Philistine cemetery uncovered in archaeological dig in Israel, Goliath's people were 'normal sized' Updated A Philistine cemetery has been unearthed for the first time in southern Israel, shedding new light on the culture of the biblical giant Goliath's people.
Key points: Ancient Mesopotamia: Famous Rulers of Mesopotamia. History >> Ancient Mesopotamia Sumerians Gilgamesh (c. 2650 BC) - Gilgamesh was the fifth king of the Sumerian city of Uruk.
He became known as a demigod with superhuman strength in later legends and tales such as the Epic of Gilgamesh.Akkadian Empire Sargon the Great (reigned 2334 - 2279 BC) - Sargon the Great, or Sargon of Akkad, founded the world's first empire, the Akkadian Empire. Ancient Civilization of Mesopotamia. A word search puzzle to include within a unit on Ancient Mesopotamia. Students review spelling and vocabulary while enjoying the fun of looking for…
Additional Material Menu: Ancient Man and his First Civilizations. Gallery: Archaeological mysteries hidden in satellite images. Archaeologists have many tools at their disposal: shovels, trowels, satellites. If you are scratching your head at that final entry, check out how TED Prize winner Sarah Parcak uses satellite imagery to locate long-lost ancient sites, and to solve some of archaeology’s most enduring mysteries. The mystery: What happened to Itj-tawy, the ancient capital of Egypt? Itj-tawy, once located on the bank of the Nile, was Egypt’s capital for about 350 years during the period known as the Middle Kingdom. But sometime after 1785 BC, when the capital moved to Thebes, Itj-tawy disappeared. “Egyptologists knew the city had to be somewhere near the pyramids of the two kings who built it, but that only narrowed it down to an area about four miles by three miles in size,” says Parcak.
Writing. Ancient Mesopotamia — Free Illustrated Presentation in PowerPoint Format for Kids and Teachers created by artist, Phillip Martin. Mesopotamia From Nomads to Farmers. Daily Life in Ancient Civilizations for Kids. Ancient Sumer, Babylon & Assyria (Mesopotamia) - What do a sailboat and a wheel have in common? They were both invented by the ancient Sumerians. Find out what happened to kids in school who disobeyed their teacher! Meet the first superhero - King Gilgamesh. Come meet the people who lived 5000 years ago in the land between two rivers. Quick View: Ancient Civilizations for Kids and Teachers. Ancient_mesopotamia.ppt - Microsoft PowerPoint Online. Index. Mesopotamia - The British Museum. Ziggurats. Writing. Phillip Martin's You Be the Judge of Hammurabi's Code. Hammurabi, the Priest King Hammurabi (ca. 1792 - 1750 BC) united all of Mesopotamia under his forty-three year reign of Babylon.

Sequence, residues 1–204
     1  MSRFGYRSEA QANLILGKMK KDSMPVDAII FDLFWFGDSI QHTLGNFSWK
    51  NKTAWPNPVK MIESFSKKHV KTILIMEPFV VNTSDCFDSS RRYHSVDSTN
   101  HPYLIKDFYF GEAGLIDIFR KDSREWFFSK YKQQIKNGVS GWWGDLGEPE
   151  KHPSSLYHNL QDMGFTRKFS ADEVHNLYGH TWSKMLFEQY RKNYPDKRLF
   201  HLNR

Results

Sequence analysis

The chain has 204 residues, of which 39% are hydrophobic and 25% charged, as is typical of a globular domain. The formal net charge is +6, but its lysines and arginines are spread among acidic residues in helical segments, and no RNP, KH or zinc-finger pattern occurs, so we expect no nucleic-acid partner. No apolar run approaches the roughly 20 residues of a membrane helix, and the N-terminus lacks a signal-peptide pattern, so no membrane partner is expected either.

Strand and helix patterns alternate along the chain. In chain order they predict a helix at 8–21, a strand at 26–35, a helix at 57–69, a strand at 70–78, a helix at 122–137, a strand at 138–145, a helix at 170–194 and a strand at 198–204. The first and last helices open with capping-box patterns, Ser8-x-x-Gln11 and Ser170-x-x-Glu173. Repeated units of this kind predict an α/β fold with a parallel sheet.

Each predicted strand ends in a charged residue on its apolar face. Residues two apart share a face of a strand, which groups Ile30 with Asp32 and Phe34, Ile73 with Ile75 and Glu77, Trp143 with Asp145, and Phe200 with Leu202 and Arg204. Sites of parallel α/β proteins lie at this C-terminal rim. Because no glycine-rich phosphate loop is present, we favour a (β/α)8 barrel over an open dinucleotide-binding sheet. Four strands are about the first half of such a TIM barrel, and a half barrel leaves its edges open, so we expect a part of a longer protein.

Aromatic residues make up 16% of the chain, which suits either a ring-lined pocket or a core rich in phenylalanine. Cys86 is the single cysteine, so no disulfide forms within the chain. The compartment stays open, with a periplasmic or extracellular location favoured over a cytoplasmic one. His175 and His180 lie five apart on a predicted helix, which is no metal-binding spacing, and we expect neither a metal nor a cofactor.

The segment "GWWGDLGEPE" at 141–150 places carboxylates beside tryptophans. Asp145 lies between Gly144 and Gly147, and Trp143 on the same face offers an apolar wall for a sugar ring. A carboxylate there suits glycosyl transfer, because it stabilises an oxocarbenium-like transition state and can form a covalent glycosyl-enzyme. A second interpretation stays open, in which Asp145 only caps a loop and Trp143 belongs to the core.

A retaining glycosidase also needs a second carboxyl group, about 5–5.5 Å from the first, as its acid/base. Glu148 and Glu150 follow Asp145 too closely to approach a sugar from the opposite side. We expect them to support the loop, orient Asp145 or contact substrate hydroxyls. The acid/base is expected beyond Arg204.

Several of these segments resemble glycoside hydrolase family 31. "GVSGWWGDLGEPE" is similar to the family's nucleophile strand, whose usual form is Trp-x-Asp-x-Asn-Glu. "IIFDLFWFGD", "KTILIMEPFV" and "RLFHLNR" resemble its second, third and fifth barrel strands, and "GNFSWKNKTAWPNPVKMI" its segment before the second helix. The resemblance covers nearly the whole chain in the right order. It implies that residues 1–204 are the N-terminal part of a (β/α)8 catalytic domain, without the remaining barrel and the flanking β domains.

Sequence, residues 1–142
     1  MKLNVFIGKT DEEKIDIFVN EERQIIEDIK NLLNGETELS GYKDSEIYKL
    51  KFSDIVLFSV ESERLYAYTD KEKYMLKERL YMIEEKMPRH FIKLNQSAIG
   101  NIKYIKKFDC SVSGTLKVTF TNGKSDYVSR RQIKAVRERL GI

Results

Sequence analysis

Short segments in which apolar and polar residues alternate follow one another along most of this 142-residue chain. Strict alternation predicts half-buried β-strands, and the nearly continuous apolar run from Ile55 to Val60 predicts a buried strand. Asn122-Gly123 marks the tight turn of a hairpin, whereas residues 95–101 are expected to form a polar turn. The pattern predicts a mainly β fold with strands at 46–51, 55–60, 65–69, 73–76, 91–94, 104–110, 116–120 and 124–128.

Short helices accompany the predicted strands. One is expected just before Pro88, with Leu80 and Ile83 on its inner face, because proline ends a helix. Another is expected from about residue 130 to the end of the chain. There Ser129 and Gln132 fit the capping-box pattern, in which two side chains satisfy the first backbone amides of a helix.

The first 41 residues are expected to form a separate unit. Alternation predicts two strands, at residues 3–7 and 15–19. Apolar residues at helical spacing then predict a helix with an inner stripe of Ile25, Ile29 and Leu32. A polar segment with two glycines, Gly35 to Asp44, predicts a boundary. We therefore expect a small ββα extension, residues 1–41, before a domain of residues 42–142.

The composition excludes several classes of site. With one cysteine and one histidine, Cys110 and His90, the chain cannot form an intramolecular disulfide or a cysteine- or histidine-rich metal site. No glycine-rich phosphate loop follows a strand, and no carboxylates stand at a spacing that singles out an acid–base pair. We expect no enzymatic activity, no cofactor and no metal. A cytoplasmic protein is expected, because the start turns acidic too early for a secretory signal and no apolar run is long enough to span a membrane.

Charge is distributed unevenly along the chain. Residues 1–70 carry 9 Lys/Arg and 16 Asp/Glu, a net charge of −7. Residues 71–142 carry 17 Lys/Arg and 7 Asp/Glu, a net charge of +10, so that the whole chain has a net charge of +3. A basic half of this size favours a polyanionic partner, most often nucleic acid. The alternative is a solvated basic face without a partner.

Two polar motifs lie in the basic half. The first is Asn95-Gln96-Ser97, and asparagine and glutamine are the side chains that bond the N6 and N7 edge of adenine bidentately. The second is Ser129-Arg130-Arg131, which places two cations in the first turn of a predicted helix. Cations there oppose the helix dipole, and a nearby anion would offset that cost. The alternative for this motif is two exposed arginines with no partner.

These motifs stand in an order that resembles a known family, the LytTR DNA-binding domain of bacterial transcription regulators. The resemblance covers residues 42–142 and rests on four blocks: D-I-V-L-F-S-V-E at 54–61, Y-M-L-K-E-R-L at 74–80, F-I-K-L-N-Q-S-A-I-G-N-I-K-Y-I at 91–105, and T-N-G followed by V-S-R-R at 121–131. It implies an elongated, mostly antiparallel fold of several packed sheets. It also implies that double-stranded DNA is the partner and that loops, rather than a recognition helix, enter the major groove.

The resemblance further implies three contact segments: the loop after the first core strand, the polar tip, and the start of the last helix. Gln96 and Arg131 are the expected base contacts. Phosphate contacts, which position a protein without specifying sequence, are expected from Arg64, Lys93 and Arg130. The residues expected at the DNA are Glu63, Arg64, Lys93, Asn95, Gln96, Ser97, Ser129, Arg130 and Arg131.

Although Hammurabi's Code is not the first code of laws (the first records date four centuries earlier), it is the best preserved legal document reflecting the social structure of Babylon during Hammurabi's rule. About the Code Two hundred eighty-two laws, concerning a wide variety of abuses, justify Hammurabi's claim of having acted "like a real father to his people . . . [who] has established prosperity . . . and (gave) good government to the land. " The Seven Wonders - Hanging Gardens of Babylon. Some stories indicate the Hanging Gardens towered hundreds of feet into the air, but archaeological explorations indicate a more modest, but still impressive, height. (Copyright Lee Krystek, 1998) The city of Babylon, under King Nebuchadnezzar II, must have been a wonder to the ancient traveler's eyes. Collapse: Mesopotamia.
History - Ancient History in depth: Mesopotamia. The Oriental Institute of the University of Chicago. August 2008 - The world's ten oldest jokes revealed - University of Wolverhampton. 128 km Darwin (Berrimah) Radar Loop. 10 ways humans will leave fossils. Cultural Institute. Machu Picchu - Street View - Google Maps. London skeletons reveal British capital's 2,000-year history as ethnic melting pot. Ancient Civilizations for Kids.